Tuesday, January 23, 2018

Patreon Special: Space Ghosts Revisited

Ghost Cvlt by Ramsesmelendez

When I first dove into Communion itself, I wanted to break up the simplistic duality of “good and evil” that Star Wars offered. I don’t necessarily object to “good and evil,” I just find that it can sharply limit the sort of stories GMs might want to tell or what sorts of characters people want to play. I conceived of Broken Communion as the crux of that change, as it introduced something that both “Good” and “Evil” could face off against, (the “Ugly” of “the Good, the Bad and the Ugly”), or something that could redefine “evil.” What’s worse, someone who is selfish but mostly hurts themselves, or a broken person who hurts others without meaning to? I wanted Broken Communion to offer both a terrible evil to fight, and a terrible pain to heal, creating a tension that was neither really evil, nor really good, but still a potential problem.

The core of that “problem” would be in its effects on the psionic characters who interacted with it the most. Those who wielded it would find themselves corrupted by it, and those who entered areas sacred to Broken Communion would find their psychic powers twisted by it. I also suggested that Broken Communion, unlike other forms of Communion, might “create miracles on its own.” In principle, any form of Communion might do this (Miracles “just happen” all the time), but Broken Communion seemed especially prone to doing that.

I left the details up to the GM, but the theme of “haunting” definitely arose from the ideas in Broken Communion and the nature of its miracles. Where True Communion had themes of the holy and sacred and Dark Communion had themes of fantasy-esque “cool evil,” with raging orcs and demonic seductresses and dark wizards, Broken Communion had distinctly horrific imagery. The haunted spaceship, the mass grave, or the terrifying jungle full of stalking, squamous things might all be places steeped in Broken Communion. But I left the details of this up to the GM.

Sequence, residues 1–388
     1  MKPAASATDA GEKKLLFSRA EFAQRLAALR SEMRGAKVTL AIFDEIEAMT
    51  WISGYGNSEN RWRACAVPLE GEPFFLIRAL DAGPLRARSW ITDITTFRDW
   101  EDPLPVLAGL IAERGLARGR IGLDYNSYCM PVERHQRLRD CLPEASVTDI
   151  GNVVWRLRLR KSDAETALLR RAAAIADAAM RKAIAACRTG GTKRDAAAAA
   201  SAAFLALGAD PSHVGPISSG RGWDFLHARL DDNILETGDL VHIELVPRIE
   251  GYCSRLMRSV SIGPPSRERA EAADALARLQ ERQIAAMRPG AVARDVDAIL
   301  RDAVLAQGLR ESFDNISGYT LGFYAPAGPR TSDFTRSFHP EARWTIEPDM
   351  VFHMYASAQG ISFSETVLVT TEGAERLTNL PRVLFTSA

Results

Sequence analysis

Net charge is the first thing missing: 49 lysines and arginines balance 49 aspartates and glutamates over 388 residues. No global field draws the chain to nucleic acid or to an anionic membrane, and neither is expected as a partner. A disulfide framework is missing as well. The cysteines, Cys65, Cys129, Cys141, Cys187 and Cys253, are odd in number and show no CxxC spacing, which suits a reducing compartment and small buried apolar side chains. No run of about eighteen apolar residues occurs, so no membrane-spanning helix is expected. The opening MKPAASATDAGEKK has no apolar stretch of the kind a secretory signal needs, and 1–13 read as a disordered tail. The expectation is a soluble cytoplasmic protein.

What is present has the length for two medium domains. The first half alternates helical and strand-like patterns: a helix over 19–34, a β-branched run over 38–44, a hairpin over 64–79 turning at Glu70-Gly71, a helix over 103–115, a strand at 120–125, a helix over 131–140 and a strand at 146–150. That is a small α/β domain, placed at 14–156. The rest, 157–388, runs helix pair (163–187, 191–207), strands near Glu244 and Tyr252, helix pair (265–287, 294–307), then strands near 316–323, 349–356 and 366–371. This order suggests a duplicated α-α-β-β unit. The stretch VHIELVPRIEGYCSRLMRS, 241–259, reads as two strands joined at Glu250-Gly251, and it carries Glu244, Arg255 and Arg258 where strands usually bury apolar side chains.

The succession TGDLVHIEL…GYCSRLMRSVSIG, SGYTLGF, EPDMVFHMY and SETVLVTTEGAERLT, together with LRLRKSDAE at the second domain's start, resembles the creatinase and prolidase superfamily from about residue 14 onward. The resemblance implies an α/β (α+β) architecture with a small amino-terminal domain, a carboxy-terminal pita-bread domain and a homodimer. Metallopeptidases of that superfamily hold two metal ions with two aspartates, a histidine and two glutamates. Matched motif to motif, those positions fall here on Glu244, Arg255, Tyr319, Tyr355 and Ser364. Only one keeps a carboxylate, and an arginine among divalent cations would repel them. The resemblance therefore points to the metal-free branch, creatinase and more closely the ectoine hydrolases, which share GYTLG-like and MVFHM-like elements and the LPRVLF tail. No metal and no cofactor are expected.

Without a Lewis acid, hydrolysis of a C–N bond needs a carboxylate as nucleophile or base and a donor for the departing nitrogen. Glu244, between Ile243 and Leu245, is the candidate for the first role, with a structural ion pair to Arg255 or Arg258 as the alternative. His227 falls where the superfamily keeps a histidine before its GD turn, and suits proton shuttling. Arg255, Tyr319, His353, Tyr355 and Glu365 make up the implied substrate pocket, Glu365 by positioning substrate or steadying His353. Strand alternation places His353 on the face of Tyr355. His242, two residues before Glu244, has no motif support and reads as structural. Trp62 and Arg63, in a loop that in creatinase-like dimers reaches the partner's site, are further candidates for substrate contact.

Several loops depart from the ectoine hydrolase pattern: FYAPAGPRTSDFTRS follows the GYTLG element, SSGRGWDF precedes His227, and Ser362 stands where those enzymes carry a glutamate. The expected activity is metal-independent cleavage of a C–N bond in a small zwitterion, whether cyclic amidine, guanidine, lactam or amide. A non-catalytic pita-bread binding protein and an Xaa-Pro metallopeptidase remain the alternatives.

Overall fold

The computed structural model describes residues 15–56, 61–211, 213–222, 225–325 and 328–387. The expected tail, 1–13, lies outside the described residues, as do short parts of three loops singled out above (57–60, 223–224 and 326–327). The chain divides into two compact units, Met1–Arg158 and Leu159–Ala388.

I have found, though, from the feedback of my fans, that many of you don’t really like this “leave the details up to the GM” mentality. It’s rife through GURPS, especially in books that don’t really succeed, while books that make those details much more explicit, including catalog books like GURPS Magic, or campaign frameworks like GURPS Dungeon Fantasy, tend to do really well. In retrospect, this makes sense: if you knew how to do it, you would, and you could ignore any details I give you that you dislike. If you can’t, a vague suggestion is of no help, but a highly detailed discussion of how it might work helps a great deal. Thus, it’s better to favor too much detail over not enough (provided that detail doesn’t become mandatory).

Thus, I came upon the handle of ghosts.


Star Wars already has ghosts, though rarely the spooky sort that bang on windows and drip blood down the walls. Even so, it features plenty of “haunted” stories, though it rarely dives into the mythology as to why these sorts of things occur. It is, perhaps, the “dark side of the force,” or it might be an ancient “force spirit” of a Sith lord. Nonetheless, it has a solid precedent in how Star Wars works.

Even if it didn’t, Star Wars certainly does, as Broken Communion feels like a haunting, and “haunted ships” are a staple of space opera, while “haunted ruins” are a staple of planetary romance, both of which Psi-Wars draws heavily on.